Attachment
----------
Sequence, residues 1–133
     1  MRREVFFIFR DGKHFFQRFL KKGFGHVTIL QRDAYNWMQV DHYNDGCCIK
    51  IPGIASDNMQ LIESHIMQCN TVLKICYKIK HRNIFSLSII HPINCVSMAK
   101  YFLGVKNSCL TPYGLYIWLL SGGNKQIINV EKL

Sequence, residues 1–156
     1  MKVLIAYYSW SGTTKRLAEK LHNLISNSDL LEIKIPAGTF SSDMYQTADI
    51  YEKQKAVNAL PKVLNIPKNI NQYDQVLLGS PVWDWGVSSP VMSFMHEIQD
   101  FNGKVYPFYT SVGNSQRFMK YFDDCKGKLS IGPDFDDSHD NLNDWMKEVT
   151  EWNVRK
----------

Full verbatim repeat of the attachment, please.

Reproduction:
Sequence, residues 1–133
     1  MRREVFFIFR DGKHFFQRFL KKGFGHVTIL QRDAYNWMQV DHYNDGCCIK
    51  IPGIASDNMQ LIESHIMQCN TVLKICYKIK HRNIFSLSII HPINCVSMAK
   101  YFLGVKNSCL TPYGLYIWLL SGGNKQIINV EKL

Sequence, residues 1–156
     1  MKVLIAYYSW SGTTKRLAEK LHNLISNSDL LEIKIPAGTF SSDMYQTADI
    51  YEKQKAVNAL PKVLNIPKNI NQYDQVLLGS PVWDWGVSSP VMSFMHEIQD
   101  FNGKVYPFYT SVGNSQRFMK YFDDCKGKLS IGPDFDDSHD NLNDWMKEVT
   151  EWNVRK